Salpointe football's mother hen also is its strength coach
Originally published: Sep 26, 2013 - 12:00 am
Salpointe’s football leader, Dennis Bene, isn’t the coach his football players spend the most time with throughout the year.
When Bene and his coaching staff aren’t with the football team, the coach who’s left in charge of helping Salpointe’s players mature physically is Carla Garrett, Salpointe’s strength and conditioning coach. But Garrett goes above and beyond the description of her job title.
The very dedicated and wise Garrett also is Salpointe’s mother hen, offering guidance that helps her boys mature emotionally as well. She grew up in a single parent household, and can relate to some of the ups and downs kids can go through, even at a private school such as Salpointe.
Oh, did we mention that Garrett also is a female strength coach in a male dominated field? But she doesn’t have to display her resume with her superb feats as a thrower and power lifter to comprehend that Garrett is pro.
“For somebody who just met coach Garrett, all it takes is being three minutes with her to understand how serious she is about what she does,” Salpointe’s senior strong safety/running back Jay Williams said.
Arguably the greatest offensive lineman to graduate from Salpointe, USC product Kris O’Dowd, also knew immediately who was in charge when he met Garrett.
On that day, Garrett was lifting when Bene unexpectedly called and asked her if she could show up in 30 minutes for her first training session with Salpointe eight seasons ago. Wearing mismatched socks and sprinkled with weightlifting chalk, Garrett rushed to Salpointe.
Once inside Salpointe’s weight room, Bene introduced Garrett and then walked out, leaving Garrett with 60 boys. She felt overwhelmed at first, Garrett said, but that didn't last long as she then ordered different groups to lift at different stations.
To add to her first day test, a fight broke out between O’Dowd and another player, but this time Garrett didn’t hesitate, showing off brawn by her grabbing the strapping O’Dowd and taking him outside of the weight room.
“I don’t want that kid in my weight room,” O’Dowd told Garrett, who doesn’t remember exactly why the fight started.
But she remembers that her actions and what she said next established her as the master of her domain.
“It’s not your weight room,” Garrett told O’Dowd. “It’s mine, and I make the decisions about who stays or leaves.”
Garrett gained the respect from the players after that incident and hasn’t lost it since.
“I had to separate the angriest and the biggest guy,” Garrett said. “They realized that I was going to jump in the mix and didn’t care if I got hurt. I don’t know if that was the beginning of them looking up to me, or the dumbest thing I’ve done.”
That’s just one of the right moves Garrett has made in her eventful life.
She grew up in Santa Fe, New Mexico with her mom, Suzan Rutherford, who showed Garrett how to shoot a jump shot and ride a bike. Basketball was Garrett’s first passion, but track and field was her ticket to college.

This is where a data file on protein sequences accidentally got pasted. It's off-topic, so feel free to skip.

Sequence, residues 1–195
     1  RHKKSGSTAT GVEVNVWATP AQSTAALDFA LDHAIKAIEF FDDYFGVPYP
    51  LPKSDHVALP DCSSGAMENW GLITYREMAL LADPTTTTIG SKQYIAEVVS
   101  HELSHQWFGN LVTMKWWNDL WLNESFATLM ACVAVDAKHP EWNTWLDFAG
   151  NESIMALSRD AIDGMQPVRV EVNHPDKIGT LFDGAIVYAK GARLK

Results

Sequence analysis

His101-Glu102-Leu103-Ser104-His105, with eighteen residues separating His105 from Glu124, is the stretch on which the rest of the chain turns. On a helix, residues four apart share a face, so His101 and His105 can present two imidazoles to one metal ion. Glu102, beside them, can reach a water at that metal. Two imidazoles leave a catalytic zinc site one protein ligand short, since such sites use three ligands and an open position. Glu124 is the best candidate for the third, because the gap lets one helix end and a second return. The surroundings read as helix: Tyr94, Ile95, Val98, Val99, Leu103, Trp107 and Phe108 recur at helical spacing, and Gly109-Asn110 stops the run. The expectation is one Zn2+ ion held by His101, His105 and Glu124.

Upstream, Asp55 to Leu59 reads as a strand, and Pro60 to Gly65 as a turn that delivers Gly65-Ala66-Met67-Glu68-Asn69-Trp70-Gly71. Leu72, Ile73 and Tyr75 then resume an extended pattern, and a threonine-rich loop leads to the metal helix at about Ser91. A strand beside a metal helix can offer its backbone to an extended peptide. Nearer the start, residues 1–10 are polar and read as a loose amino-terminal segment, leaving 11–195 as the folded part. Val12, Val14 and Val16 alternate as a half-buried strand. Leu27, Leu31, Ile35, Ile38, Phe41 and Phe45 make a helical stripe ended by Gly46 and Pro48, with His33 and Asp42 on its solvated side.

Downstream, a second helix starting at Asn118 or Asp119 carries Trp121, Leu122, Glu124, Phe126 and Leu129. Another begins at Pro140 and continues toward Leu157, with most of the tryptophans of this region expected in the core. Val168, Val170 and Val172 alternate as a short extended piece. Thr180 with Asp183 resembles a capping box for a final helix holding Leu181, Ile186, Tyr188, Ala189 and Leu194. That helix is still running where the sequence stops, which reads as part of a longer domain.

She was the nation’s top thrower during her senior high school season before accepting a scholarship offer from the University of Arizona. But it was the life lessons she learned from her mom that helped her attack life with a zestful purpose.
“My mom was the visionary,” Garrett said. “She knew that track and field would be my future, and she took me all over so I can compete.
“But more importantly she raised me to do the right thing.”
Garrett has only met her father, Carl Garrett, three times.
Carl played for about nine seasons in the American Football League and NFL.
“It’s completely in the past,” said the 46-year-old Garrett about the issues she had about not having her dad around. “As I have gotten older I have come to realize that you don’t need a father and a mother to teach you morals, integrity and accountability to be a good person. You only need one, and I was fortunate to have one of those.”
The lessons she learned at home are now being passed on to Salpointe's players.
“She (Garrett) really can connect from a personal point of view,” Williams said. “The thing that is really nice about her is that she cares about the people she trains."
Garrett's dedication to throwing and lifting took her to the highest levels of competition.
She was a 10-time All-American at U of A, where she was a 3-time national champion in the shot put and discuss. Garrett also was a national champion in Olympic lifting and was a three-time silver medalist in lifting at the world championships in the early 1990s before lifting became an Olympic event in 2000.
She was inducted into the USA Weightlifting Hall of Fame in 2012.
Garrett now makes a living training athletes in Tucson and has worked with some of U of A’s national championship softball teams and players, including softball legend Jenny Finch. Currently, Garrett is focused on helping Salpointe’s football team become a state champion.
“Carla is a tremendous teacher, and has earned the respect of the players in part because of her unparalleled knowledge,” Bene said. “She demands and teaches, two necessary characteristics of any good coach in my opinion.”
The No. 1 team in Division II, Salpointe, will face its stiffest test of the season on Friday when it hosts Marcos de Niza.
Garrett won’t suit up, but Salpointe’s players know that they’ll be prepared because of the work they’ve put in with their strength coach/mother hen.
“From a physical and strength aspect, we outperform schools,” Williams said. “The fact is that we are hitting and getting after teams, and all of the credit goes to coach Garrett.”
For a picture of Garrett go here.
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